4 Eco-Friendly Grilling Tips to Minimize the Impact on the Environment

4 Eco-Friendly Grilling Tips to Minimize the Impact on the Environment

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4 Eco-Friendly Grilling Tips to Minimize the Impact on the Environment
Taken by Ksenia Chernaya on Pexels

Let’s face it. A weekend or family gathering is often not complete without the barbecue grill! Unfortunately, grilling has received a bad wrap for several reasons, one of which is concerns related to the fuels burned and the gases that these appliances emit. These gases are not healthy for you or the environment.

So what are you supposed to do? There is something to be said about the taste and smell of food cooked on the grill. Fortunately, there are ways to still grill your food and be eco-friendly at the same time. In what follows, are tips to consider to minimize your impact on the environment.

1. Stop using regular charcoal briquettes

Regular charcoal briquettes are still commonly used in the U.S.A. They contain volatile organic compounds (VOC’s) and other products such as treated wood, nitrates, and borax, that you definitely do not want to be eating or breathing in.

2. Use organic lump charcoal instead

If you really prefer charcoal for grilling, be sure to buy and use organic products. For example, you may have heard of the Big Green Egg. It functions as a grill, smoker, and an oven. It has a number of eco-friendly benefits, including the use of lump charcoal that needs no toxic lighter fluid, produces hardly any ash, and the ability to save unburned charcoal by closing the air vents. This saves natural resources and money.

The Big Green Egg lump charcoal also burns hotter and only contains American oak and hickory hardwood. It contains no harmful fillers or additives like manufactured briquettes do.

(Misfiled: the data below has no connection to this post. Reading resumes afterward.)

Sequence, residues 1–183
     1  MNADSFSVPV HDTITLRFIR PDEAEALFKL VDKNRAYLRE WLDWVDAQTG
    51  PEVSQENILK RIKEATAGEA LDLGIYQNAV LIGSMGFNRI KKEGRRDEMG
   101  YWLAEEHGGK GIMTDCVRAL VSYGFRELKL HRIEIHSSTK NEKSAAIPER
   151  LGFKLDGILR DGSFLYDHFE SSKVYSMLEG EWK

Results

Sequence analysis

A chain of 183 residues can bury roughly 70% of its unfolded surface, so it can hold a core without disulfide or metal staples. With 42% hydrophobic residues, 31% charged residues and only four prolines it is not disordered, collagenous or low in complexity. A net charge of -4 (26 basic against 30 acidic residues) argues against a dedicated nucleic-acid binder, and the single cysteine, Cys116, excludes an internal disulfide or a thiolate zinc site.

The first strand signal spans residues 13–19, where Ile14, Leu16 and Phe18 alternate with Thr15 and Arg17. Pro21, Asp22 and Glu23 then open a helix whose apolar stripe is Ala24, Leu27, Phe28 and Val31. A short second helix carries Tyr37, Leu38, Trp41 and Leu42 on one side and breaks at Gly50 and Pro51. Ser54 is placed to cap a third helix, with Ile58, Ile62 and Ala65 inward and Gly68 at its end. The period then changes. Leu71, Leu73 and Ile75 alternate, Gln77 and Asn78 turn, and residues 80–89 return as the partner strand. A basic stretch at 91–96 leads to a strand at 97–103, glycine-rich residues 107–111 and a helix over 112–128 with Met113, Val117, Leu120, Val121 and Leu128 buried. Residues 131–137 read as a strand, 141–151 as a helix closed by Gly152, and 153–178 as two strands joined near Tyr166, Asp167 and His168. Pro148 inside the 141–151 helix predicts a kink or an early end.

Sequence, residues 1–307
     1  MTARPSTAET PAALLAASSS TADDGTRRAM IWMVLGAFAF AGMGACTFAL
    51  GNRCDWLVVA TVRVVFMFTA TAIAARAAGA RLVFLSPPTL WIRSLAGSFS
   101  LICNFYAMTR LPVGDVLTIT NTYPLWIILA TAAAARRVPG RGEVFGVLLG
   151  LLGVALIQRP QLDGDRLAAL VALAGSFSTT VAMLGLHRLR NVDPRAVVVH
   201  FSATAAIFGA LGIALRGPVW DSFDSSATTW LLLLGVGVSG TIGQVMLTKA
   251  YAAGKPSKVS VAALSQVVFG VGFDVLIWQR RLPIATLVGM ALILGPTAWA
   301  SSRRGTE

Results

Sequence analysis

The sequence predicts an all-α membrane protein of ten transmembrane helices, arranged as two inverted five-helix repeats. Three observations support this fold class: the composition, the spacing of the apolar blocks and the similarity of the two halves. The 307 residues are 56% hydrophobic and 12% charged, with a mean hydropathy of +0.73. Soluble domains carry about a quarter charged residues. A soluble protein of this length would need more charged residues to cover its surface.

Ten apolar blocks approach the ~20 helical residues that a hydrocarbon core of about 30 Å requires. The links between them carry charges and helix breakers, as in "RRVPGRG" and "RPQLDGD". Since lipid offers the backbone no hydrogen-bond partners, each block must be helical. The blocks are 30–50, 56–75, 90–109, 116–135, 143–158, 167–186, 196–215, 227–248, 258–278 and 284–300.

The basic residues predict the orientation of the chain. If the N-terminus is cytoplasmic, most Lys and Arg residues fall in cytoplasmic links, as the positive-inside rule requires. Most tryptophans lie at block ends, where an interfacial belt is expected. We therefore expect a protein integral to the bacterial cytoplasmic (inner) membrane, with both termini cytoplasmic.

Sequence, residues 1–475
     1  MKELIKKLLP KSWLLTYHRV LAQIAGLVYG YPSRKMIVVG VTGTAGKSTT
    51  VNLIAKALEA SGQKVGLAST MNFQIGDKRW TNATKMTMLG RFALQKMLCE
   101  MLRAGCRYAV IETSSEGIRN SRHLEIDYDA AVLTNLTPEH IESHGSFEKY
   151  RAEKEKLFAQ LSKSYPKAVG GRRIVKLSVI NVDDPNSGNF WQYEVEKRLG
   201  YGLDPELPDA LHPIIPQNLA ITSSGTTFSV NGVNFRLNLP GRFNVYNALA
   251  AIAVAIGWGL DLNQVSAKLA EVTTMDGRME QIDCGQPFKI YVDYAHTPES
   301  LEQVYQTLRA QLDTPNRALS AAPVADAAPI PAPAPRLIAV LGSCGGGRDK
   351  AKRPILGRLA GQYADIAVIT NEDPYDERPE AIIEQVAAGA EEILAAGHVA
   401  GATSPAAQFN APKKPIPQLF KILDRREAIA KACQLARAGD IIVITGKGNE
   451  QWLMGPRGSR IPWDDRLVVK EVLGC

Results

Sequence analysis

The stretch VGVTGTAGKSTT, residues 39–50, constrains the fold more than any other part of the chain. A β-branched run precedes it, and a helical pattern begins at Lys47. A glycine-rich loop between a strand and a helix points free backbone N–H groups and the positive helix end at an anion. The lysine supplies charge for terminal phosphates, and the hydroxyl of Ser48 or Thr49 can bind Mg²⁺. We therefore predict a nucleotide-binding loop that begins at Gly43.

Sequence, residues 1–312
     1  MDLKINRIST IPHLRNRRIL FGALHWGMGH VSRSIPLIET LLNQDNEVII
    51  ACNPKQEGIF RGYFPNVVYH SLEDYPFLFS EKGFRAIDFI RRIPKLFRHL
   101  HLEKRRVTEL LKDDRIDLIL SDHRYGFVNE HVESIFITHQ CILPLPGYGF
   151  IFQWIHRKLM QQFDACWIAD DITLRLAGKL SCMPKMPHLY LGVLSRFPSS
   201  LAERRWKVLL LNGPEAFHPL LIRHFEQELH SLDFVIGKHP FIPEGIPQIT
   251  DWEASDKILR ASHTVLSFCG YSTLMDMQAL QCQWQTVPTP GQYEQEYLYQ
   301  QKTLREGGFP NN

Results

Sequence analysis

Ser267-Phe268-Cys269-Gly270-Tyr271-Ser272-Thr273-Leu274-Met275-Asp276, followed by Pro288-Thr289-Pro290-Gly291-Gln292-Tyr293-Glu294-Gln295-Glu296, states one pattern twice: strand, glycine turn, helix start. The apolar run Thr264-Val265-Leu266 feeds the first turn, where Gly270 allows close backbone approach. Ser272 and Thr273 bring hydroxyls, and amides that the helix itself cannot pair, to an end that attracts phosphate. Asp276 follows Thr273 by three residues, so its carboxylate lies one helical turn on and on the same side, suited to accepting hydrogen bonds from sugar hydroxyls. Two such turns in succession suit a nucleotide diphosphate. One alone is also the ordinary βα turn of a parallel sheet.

3. Use organic lump charcoal from sustainable farming practices

The Organic Charcoal Company not only uses organic charcoal made from all-natural wood, they use trees that are coppiced. This means that they are not clear-cutting forests, but instead are cutting the trees down near ground level without actually cutting them right down. This allows those same trees to continue to produce new growth.

To avoid the use of lighter fluids, which emit harmful chemicals on your food and into the air, consider using a chimney starter. The chimney starter is usually a metal cylindrical container that has a grate under which you put some newspaper, and then you put the unlit charcoal on top. When you light up the newspaper, it then lights up the charcoal above.

4. Use gas grills

If you want to choose the most eco-friendly method to grill, gas is the way to go. Grills fueled by propane or natural gas burn clean, despite these fuels being non-renewable. Because they burn cleaner, it results in less carbon dioxide emissions into the air. Gas is more energy efficient than using electric grills or your oven (unless you use solar or wind power for your electrical needs).